Jazz, film, and improvised culture.
Copper: NYPD Blue, Circa 1864
back to pre-Miranda New York. The Civil
War has turned for the Union, but social strife remains a constant fact of life. For the accused, there is no right to remain
silent. “Start talking or start praying”
Det. Kevin Corcoran tells one uncooperative witness, cocking his pistol. There is a certain elegant simplicity to the
direct approach. In fact, interrogations
are probably the only straight forward part of police work in Copper (promo here), BBC America’s
first original (non-imported) dramatic series, which premieres this Sunday
bravely served the Union Army, only to find his young daughter murdered and his
wife missing on his return home. In
1864, the primary responsibility for a cop like Corcoran is collecting the
Captain’s payoffs. While his personal
investigation is his primary interest, the brooding officer tries to do some
legitimate police work here and there, since he has the gun and badge. During the course of the first two episodes,
Corcoran becomes understandably emotionally invested in the case of a young
girl murdered by a sexual predator.
Corcoran will risk his life and career to protect the victim’s twin
sister from the uber-connected suspect.
Fortunately, he will have some help from Five Points’ finest
of Copper is indeed set in that
neighborhood so squalid, it no longer exists.
The morally ambiguous Morehouse family, with whom Corcoran has some
complicated history, expects to be the ones to profit from this anticipated urban
renewal project. Meanwhile, Manhattan’s
African American community is moving north.
This includes Dr. Matthew Freeman, the only competent doctor in New York
willing to act as Corcoran’s secret pathologist. As one might expect, the thorny racial relations of competing Irish immigrant and free African American communities take center stage in the third outing.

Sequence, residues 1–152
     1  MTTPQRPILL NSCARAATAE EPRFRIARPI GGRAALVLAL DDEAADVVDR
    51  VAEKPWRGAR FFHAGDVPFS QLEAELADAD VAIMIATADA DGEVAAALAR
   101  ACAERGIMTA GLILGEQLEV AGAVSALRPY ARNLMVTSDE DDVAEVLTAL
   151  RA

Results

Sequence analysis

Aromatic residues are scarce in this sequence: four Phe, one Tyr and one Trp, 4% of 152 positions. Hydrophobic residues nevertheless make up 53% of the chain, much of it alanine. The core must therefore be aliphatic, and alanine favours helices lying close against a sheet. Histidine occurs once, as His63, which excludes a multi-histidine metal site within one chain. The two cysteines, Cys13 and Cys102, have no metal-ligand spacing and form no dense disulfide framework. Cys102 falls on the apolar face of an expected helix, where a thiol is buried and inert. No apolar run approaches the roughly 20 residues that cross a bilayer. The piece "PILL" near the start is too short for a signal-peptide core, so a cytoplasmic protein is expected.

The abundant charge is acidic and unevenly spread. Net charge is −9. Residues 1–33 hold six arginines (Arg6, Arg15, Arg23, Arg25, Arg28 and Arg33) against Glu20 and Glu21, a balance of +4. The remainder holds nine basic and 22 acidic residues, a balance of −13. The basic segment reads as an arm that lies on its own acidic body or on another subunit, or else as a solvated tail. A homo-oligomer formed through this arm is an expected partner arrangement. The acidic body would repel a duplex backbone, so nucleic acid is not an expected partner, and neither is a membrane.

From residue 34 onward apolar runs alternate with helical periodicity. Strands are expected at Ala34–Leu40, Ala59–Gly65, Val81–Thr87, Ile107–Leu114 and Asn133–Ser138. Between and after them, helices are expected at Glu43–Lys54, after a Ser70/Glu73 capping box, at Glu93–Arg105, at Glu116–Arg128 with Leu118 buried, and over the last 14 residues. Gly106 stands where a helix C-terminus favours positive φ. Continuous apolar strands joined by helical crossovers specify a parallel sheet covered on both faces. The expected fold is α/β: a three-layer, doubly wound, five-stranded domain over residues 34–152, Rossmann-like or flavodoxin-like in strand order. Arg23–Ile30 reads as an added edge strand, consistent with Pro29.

1864 was a tough year in our nation’s history, but Copper seems to take perverse glee in reveling in New York’s degradation. Nor does it even attempt to disguise its
overt class warfare. At least in
episodes one and two, the wealthy are not just venal robber barons. They are also largely pedophiles.
the heavy handed social commentary, Copper
works well on the procedural level. MI-5’s Tom Weston-Jones is refreshingly
hardnosed as the relatively honest anti-hero.
It appears Copper will not be
about solving mysteries per se, but figuring out how to dispense justice within
a corrupt system. That is actually a potentially
rewarding twist on the police drama that worked so well for the cool but
and co-writer-creators Tom “Oz”
Fontana and Will Rokos compellingly establish Copper’s lead protagonist in the first three installments,
but the supporting characters still need a bit of fleshing out. Of course, that is not uncommon at this
stage. They have ten episodes to work
with, after all. Still, Tanya Fischer’s
Molly Stuart, the you-know-what with a heart of at least semi-precious metal,
seems to warrant keeping an eye on.
There is some real potential in Copper.
It is an impressive period production and when justice is served, it is
served satisfyingly cold. Yet, it risks
overdoing the Jacob Riis progressive tut-tutting in the early stages, already
showing a tendency to fall back on clichéd stock villains. Engaging but uneven, Copper is an easy choice while Masterpiece
Mystery is rerunning Inspector
Lewises, but it may have a hard time holding it audience when Wallander returns. Whether it continues to develop and make good
on what appears promising remains to be seen.
Regardless, Copper begins this
Sunday (8/19) on BBC America.
Labels: BBC America, Copper